One of the measures to prevent contracting and spreading the novel coronavirus is for whole families to stay at home and socially distance or isolate from friends and others. But what happens to the vulnerable, who now face extended periods of time with a potentially abusive partner or family member?

Women and girls around the world not only face a heightened threat of violence during this pandemic but they may also be disconnected from their usual support networks who could provide help. 

This is exacerbated by economic inequality in developing countries where women and girls are less able to leave their abusive partners or families as they tend to be financially reliant on them and have lesser access to education and other opportunities. 

Lack of access to resources such as income and food in times of crises such as health pandemics, may also mean families look to child marriages as a way out of poverty .Girls who marry as children face an even higher risk of domestic violence than women who marry freely as adults. 

 

Garment workers in the global south are at risk of losing their jobs in the pandemic.

The Covid-19 outbreak is already affecting income and working conditions

As people around the world are prioritising their health during the pandemic, demand for clothes and garments is decreasing.

As a result, garment factories in the global south including Bangladesh, Cambodia and Vietnam are facing imminent closure, and threatening the livelihoods of 40 million garment workers.5

Approximately, 80% of these workers are women6 and risk facing destitution when work dries up.

Women and girls employed in these industries already face poor working conditions and low wages, but removing their vital and sometimes only source of income could mean they face further poverty.

Those forced to work on crowded factory floors, in poor conditions with no access to sanitation and protective clothing can also risk contracting the virus from close contact with others.

Furthermore, in developing countries, more than two thirds of women work in the informal economy, without sick leave and unemployment benefits which puts their income and well-being in jeopardy.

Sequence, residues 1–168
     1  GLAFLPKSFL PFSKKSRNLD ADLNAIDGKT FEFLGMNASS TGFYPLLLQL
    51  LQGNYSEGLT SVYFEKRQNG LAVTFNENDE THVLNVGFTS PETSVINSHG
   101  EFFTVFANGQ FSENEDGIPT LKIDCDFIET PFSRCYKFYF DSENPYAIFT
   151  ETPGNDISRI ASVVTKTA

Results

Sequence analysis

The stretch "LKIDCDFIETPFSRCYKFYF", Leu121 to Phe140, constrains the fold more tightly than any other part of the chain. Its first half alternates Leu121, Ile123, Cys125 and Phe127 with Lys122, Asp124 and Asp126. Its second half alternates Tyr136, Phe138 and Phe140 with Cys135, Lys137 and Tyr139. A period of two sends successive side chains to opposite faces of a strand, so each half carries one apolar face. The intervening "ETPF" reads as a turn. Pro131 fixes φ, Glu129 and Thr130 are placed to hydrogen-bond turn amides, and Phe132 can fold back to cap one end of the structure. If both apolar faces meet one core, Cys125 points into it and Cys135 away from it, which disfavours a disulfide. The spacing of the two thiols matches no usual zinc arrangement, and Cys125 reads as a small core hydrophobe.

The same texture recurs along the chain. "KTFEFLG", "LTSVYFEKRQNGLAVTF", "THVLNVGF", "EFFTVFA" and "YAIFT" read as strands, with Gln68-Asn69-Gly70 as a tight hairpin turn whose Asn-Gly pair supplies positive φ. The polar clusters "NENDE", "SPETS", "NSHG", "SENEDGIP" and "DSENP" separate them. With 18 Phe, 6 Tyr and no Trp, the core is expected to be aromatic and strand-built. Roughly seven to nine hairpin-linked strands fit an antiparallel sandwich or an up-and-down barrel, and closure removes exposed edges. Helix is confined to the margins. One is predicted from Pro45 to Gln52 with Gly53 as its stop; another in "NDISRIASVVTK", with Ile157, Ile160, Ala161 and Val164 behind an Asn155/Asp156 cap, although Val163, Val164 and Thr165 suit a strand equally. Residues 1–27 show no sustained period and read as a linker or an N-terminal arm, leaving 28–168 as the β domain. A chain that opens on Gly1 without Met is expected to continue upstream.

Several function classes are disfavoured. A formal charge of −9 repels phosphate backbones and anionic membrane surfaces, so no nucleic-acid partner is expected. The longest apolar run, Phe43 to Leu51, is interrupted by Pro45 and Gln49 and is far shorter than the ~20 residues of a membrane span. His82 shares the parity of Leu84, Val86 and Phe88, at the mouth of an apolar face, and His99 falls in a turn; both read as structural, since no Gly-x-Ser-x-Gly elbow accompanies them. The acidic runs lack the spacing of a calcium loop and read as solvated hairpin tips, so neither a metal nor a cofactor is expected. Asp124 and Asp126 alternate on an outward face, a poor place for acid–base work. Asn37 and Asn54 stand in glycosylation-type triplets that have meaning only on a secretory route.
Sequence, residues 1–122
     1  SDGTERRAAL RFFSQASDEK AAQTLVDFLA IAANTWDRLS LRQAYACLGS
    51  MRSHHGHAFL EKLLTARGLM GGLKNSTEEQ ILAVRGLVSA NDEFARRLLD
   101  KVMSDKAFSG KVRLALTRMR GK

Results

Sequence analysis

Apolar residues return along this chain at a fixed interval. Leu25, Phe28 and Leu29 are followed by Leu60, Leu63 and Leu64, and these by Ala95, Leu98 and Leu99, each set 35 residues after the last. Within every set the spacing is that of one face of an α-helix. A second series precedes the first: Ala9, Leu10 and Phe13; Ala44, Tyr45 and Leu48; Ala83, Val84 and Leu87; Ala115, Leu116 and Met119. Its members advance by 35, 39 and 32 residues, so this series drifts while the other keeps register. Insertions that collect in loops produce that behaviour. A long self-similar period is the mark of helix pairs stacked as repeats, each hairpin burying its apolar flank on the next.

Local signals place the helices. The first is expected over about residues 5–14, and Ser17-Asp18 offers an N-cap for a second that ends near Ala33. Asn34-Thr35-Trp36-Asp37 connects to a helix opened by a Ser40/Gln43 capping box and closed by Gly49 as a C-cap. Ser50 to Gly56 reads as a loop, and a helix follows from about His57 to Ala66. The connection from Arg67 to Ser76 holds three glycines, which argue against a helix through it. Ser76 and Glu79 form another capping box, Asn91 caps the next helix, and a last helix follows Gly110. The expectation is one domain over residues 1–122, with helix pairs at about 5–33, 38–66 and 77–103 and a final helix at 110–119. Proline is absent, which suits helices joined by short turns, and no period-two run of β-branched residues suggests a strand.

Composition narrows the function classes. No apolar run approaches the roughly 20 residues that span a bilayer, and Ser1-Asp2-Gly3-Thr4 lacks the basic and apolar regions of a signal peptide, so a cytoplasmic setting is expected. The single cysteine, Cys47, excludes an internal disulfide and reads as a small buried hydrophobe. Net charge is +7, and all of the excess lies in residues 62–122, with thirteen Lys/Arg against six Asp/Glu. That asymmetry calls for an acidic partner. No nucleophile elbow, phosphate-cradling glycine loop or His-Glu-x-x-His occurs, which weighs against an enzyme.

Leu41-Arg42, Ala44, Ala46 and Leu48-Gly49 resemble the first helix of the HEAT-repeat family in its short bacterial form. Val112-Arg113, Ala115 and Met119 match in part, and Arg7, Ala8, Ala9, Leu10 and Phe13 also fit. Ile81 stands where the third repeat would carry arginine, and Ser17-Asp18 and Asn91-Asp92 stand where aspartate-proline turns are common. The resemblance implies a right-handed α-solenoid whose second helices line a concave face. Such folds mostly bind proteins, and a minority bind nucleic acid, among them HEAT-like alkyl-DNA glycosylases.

How is ActionAid responding to the novel coronavirus pandemic?

One of ActionAid’s top priorities is to maintain support to our humanitarian and development programmes around the world.

We are monitoring the situation on a country-by-country basis and ensuring our country programmes are supported and encouraged to follow their government’s guidelines.

We're in regular contact with all our Country Directors to ensure that vulnerabilities faced by women and girls are not exacerbated during this pandemic and we are advocating for the need for gender-sensitive responses when dealing with this epidemic.

What can I do to help?

As Covid-19 spreads to Africa, South East Asia and Latin America, it is only a matter of time before the world’s most vulnerable will be facing a catastrophe of immense proportions.

Amid existing poverty and global inequality, people in the world’s poorest countries are already struggling with the consequences of several humanitarian emergencies including refugee crises, climate change and conflict.

Now they face an unprecedented global emergency.

 We urgently need your help to support the most vulnerable to stop the spread and save lives.

 

Donate now

 

  • 1. https://www.nytimes.com/2020/03/19/world/middleeast/syria-coronavirus-idlib-tents.html
  • 2. https://www.theguardian.com/global-development/2020/mar/20/worlds-most-vulnerable-in-third-wave-for-covid-19-support-warn-experts
  • 3. https://apps.who.int/iris/bitstream/handle/10665/311314/WHO-HIS-HWF-Gender-WP1-2019.1-eng.pdf?sequence=1&isAllowed=y&te=1&nl=in-her%20words&emc=edit_gn_20200312
  • 4. https://water.org/our-impact/water-crisis/womens-crisis/
  • 5. https://www.theguardian.com/global-development/2020/mar/19/garment-workers-face-destitution-as-covid-19-closes-factories
  • 6. https://www.icrw.org/files/publications/PACE_Report_PRINT_singles_lo.pdf